Utilities Terminate Power Purchase Agreements with Cape Wind
On January 6, 2015, National Grid and NStar terminated power purchase agreements (PPAs) with Cape Wind, a proposed 468 MW offshore wind facility in the Nantucket Sound. The future of the project is uncertain, as Cape Wind has yet to secure financing to begin construction. Obtaining project financing will now be extremely difficult, if not impossible, with the loss of the PPAs.
- In November 2014, a draft Wind Vision produced by the U.S. Department of Energy estimates 20 GW of offshore wind could be developed by 2030
- First proposed in 2001, Cape Wind has faced permitting hurdles and long legal battles
- In 2012, National Grid agreed to purchase 50% of Cape Wind’s production; NStar agreed to purchase 27.5% of the production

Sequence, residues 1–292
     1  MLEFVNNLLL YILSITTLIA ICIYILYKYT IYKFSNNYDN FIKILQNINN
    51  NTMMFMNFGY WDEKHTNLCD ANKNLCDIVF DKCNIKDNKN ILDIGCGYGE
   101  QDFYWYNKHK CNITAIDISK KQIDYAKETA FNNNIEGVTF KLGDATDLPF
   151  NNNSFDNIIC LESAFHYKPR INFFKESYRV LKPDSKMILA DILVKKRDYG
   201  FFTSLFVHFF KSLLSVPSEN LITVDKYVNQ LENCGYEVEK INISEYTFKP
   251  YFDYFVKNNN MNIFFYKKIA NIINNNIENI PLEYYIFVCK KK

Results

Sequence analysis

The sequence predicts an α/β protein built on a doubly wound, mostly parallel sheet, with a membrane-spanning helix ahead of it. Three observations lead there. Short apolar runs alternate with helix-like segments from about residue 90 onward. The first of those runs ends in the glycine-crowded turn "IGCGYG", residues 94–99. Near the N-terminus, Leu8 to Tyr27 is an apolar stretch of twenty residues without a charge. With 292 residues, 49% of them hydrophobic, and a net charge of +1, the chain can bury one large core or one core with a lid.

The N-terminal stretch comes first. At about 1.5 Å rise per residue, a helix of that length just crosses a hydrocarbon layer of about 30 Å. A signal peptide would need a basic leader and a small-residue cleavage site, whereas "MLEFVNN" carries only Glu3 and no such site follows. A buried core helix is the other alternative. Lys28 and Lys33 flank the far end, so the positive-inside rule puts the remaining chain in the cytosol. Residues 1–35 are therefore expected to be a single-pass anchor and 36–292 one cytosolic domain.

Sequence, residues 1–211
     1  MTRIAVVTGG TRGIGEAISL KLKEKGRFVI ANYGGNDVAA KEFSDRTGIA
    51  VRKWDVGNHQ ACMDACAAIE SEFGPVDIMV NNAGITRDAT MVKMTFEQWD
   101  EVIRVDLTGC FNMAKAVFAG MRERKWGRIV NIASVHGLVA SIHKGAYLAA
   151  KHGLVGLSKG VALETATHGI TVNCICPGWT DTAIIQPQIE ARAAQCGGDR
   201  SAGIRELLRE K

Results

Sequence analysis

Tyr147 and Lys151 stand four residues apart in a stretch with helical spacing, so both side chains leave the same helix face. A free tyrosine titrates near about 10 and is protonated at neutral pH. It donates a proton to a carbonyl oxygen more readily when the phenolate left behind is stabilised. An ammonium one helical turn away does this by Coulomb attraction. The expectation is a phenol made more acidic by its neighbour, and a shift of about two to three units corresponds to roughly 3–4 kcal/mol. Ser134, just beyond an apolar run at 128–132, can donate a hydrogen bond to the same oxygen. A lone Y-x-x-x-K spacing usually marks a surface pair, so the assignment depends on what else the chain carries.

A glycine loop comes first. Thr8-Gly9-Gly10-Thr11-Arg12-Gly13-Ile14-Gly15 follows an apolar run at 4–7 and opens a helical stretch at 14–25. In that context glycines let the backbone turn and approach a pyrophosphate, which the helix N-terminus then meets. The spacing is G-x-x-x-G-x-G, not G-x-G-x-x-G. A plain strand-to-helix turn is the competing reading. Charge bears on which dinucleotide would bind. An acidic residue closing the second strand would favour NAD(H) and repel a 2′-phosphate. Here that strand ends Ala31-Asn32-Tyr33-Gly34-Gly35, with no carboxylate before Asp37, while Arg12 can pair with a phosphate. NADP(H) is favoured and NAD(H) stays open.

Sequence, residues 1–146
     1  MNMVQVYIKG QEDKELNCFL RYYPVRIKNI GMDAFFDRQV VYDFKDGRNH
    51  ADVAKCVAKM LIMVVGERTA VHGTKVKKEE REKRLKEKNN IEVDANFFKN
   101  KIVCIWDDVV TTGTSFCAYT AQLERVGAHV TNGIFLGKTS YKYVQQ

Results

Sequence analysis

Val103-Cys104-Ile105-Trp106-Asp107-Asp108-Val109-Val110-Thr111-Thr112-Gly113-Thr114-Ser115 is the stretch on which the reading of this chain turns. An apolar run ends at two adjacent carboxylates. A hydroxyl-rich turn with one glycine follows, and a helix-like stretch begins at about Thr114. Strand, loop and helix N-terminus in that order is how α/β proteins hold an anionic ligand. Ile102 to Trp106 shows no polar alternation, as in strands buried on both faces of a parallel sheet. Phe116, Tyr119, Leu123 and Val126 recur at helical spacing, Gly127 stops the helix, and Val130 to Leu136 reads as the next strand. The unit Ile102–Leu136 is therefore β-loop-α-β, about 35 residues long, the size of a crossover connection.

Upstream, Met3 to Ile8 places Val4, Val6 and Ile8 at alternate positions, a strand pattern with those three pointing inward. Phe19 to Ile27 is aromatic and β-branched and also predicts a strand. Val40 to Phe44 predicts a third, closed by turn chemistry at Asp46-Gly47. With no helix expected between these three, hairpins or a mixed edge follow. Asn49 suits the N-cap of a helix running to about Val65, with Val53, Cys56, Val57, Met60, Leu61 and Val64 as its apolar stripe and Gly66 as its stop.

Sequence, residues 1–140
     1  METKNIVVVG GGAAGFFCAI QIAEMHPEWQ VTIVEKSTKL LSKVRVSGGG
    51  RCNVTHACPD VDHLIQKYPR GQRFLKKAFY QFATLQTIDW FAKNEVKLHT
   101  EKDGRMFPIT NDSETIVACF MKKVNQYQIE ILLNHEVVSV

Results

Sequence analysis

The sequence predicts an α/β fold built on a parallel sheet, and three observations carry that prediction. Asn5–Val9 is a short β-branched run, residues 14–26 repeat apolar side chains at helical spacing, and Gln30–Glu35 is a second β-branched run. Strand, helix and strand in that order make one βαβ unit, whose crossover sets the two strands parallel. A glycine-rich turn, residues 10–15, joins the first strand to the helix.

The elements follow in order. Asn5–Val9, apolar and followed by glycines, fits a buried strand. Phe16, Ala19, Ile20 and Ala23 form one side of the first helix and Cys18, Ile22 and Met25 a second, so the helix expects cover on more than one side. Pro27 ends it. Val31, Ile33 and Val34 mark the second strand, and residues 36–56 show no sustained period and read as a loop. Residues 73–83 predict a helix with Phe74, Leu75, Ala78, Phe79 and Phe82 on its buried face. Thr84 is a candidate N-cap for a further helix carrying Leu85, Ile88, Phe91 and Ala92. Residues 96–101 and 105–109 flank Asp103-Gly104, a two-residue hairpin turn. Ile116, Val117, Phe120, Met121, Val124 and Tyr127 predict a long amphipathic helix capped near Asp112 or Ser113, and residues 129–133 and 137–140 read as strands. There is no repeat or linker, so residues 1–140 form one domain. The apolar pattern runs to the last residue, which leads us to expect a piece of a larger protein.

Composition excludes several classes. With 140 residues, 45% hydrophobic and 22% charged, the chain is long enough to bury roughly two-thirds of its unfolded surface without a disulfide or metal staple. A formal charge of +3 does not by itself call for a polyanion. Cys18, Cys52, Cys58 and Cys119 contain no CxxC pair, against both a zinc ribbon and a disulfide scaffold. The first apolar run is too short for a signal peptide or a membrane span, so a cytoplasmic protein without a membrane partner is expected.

- The two utilities terminated the PPAs after Cape Wind:
- Failed to obtain financing, and in turn, failed to begin construction by a December 31, 2014 deadline
- Did not post financial collateral to extend contract milestones
- Cape Wind does not view the terminations as valid; the company contends litigation triggered Force Majeure provisions allowing an extension of deadlines
Despite several projects under development, the United States lacks an operational offshore wind facility. The emergence of a robust offshore wind industry will require the success of early projects in order to grow industry experience, reduce project costs, and decrease financing risks. As the frontrunner, Cape Wind’s apparent demise is a blow to the near-term prospects for offshore wind.
Wall Street Journal: Mass. utilities back out of plan to buy power generated by Cape Wind
Boston Globe: Two utilities opt out of Cape Wind
This report is part of the Clean Tech & Sustainability Minute series. To view all featured Minutes, please click here.
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